The government and Tokyo Electric Power Co. declared Friday the three crippled reactors at the Fukushima No. 1 plant are in cold shutdown and no longer leaking large amounts of radiation.
If the authorities are correct and cooling of the reactors is stable, it would be an important milestone in ending the world’s worst nuclear accident since the 1986 Chernobyl crisis. But many skeptics believe the declaration is little more than political grandstanding, given the revised definition of what constitutes cold shutdown and the date of the declaration, which had been reported long in advance, and are concerned about the long-term stability of the plant’s critical coolant system.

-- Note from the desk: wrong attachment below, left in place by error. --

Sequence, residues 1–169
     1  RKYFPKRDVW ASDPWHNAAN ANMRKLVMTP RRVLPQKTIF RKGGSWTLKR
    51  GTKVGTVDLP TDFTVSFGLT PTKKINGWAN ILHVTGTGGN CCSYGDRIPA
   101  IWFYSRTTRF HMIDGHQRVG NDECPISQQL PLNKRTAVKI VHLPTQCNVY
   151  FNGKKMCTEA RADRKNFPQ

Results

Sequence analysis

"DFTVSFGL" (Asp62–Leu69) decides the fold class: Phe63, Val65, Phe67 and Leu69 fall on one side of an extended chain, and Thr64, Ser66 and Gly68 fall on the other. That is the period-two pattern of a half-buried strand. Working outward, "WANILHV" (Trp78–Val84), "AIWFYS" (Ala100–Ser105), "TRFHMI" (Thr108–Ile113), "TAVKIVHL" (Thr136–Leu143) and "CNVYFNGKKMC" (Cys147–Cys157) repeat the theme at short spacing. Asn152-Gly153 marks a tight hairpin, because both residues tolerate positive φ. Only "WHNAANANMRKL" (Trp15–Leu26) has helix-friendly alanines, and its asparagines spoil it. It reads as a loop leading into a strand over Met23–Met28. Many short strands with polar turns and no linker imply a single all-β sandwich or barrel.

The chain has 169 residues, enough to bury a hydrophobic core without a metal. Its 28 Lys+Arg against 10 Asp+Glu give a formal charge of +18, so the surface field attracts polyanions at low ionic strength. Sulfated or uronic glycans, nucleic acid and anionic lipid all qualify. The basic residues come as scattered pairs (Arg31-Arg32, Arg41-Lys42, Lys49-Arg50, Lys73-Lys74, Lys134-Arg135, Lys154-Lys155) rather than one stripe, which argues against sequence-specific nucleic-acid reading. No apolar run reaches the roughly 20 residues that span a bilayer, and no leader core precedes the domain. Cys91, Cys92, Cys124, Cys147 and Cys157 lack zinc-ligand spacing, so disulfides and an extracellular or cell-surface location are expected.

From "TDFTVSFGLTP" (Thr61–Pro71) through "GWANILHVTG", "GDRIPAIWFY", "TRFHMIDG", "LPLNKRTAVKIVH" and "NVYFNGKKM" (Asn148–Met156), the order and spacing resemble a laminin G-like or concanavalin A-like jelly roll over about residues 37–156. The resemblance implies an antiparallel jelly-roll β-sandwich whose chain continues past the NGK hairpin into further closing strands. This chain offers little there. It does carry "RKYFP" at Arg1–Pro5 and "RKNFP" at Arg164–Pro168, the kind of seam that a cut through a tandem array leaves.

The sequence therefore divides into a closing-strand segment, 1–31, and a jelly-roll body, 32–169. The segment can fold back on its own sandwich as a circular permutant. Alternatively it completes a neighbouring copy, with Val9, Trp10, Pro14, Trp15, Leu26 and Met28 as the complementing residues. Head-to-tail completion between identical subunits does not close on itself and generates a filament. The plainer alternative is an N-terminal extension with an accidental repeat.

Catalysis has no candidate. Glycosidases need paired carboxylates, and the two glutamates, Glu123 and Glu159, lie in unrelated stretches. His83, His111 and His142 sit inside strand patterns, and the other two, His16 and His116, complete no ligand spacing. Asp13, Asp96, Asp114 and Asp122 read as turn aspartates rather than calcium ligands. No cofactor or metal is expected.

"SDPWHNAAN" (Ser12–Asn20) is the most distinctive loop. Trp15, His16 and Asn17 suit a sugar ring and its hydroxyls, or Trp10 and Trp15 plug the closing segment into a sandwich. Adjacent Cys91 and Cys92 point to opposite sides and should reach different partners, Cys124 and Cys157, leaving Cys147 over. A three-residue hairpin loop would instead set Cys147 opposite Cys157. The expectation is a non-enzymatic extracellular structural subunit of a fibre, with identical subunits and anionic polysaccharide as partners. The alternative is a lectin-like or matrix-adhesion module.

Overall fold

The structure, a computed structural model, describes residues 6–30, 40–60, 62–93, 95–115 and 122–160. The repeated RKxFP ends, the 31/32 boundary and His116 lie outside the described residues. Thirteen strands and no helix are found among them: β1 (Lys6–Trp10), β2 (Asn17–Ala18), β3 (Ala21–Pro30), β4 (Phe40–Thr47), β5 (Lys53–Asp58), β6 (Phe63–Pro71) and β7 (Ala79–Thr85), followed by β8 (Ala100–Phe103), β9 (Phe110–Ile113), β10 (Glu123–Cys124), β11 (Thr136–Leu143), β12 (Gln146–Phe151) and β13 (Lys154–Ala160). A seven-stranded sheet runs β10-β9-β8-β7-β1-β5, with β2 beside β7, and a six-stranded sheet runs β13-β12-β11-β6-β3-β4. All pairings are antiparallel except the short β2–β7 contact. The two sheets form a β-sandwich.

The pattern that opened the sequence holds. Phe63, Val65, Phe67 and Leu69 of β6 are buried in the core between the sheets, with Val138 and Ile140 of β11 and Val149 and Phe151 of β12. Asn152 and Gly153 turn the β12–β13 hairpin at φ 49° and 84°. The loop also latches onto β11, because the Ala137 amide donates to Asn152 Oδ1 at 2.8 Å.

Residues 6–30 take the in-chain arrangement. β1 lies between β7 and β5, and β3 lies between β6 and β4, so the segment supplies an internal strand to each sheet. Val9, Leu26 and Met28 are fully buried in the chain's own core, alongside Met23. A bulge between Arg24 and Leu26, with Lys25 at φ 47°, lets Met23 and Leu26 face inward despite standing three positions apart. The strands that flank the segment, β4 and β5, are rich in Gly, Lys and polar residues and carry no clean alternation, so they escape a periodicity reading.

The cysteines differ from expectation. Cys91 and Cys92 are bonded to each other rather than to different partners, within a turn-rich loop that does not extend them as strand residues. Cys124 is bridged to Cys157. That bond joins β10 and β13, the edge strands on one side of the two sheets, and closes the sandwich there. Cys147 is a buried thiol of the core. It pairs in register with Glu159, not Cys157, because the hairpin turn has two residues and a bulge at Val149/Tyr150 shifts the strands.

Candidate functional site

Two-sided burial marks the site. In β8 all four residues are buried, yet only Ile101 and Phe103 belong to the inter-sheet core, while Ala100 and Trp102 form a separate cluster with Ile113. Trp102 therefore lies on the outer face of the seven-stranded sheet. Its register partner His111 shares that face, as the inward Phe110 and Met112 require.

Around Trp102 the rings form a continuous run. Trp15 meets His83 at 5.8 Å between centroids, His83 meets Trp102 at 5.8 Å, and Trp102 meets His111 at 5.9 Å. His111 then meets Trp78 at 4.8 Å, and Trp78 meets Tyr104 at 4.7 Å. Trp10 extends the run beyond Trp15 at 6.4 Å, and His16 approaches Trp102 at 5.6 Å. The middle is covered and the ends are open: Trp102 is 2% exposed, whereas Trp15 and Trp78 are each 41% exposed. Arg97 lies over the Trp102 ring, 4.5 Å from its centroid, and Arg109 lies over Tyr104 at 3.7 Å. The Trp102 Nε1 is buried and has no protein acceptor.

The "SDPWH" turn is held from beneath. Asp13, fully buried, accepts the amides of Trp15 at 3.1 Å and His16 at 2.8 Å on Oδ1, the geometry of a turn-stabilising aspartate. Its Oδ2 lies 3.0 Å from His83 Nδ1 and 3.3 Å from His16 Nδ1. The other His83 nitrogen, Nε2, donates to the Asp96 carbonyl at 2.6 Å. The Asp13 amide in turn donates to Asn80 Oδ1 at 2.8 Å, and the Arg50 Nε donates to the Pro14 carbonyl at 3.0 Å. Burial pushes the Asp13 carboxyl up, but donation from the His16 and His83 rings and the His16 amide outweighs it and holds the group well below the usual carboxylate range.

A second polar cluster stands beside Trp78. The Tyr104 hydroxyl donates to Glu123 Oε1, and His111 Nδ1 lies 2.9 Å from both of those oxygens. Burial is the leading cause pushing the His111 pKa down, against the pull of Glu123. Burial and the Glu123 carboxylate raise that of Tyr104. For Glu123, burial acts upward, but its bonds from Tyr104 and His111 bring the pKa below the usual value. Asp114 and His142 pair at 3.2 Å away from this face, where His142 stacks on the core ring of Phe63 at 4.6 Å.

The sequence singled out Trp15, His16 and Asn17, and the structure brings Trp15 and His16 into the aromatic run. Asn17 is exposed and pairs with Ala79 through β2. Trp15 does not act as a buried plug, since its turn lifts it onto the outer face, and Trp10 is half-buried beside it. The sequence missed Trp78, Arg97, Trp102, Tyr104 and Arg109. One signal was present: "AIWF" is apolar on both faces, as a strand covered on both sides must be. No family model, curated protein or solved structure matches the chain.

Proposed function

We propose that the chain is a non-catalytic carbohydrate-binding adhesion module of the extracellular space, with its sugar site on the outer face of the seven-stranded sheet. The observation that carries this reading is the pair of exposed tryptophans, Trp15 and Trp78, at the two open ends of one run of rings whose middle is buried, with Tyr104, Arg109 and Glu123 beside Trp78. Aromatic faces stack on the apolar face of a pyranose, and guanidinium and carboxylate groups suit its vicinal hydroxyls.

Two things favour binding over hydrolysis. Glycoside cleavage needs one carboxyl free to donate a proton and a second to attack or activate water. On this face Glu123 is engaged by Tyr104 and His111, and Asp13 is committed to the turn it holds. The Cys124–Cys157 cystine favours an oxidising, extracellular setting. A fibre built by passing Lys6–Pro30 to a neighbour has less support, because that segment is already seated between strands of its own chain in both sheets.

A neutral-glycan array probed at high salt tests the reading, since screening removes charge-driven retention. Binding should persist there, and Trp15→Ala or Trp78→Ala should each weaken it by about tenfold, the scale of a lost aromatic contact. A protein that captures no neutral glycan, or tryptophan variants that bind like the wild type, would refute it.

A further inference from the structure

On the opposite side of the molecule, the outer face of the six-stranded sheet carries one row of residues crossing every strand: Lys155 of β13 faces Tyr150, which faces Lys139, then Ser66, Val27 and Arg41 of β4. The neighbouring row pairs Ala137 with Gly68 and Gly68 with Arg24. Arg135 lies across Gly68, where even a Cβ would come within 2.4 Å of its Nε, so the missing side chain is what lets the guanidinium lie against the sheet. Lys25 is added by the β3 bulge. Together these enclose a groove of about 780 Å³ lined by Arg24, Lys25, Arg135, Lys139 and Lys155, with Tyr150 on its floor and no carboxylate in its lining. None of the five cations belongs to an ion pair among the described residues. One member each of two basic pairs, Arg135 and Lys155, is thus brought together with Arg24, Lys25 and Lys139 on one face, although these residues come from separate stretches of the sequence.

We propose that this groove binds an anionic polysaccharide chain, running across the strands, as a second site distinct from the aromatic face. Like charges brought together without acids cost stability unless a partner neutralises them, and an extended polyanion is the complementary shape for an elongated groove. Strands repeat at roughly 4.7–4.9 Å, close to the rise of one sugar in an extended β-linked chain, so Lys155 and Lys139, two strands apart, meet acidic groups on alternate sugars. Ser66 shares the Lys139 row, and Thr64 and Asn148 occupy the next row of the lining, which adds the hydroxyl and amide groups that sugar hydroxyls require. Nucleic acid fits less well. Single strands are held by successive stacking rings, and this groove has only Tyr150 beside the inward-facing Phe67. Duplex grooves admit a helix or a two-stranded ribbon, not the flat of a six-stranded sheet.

A cold shutdown usually means the reactor core coolant temperatures are below 100 degrees, ensuring that coolant water is not boiling and that radioactive material are not escaping from the cores in significant amounts.
But reactors 1, 2 and 3 have been damaged and much of the melted fuel is believed to have penetrated through the pressure vessels and fallen to the bottom of the outer containment vessels. Tepco has been unable to take direct measurements of the temperatures at the bottoms of the containment vessels.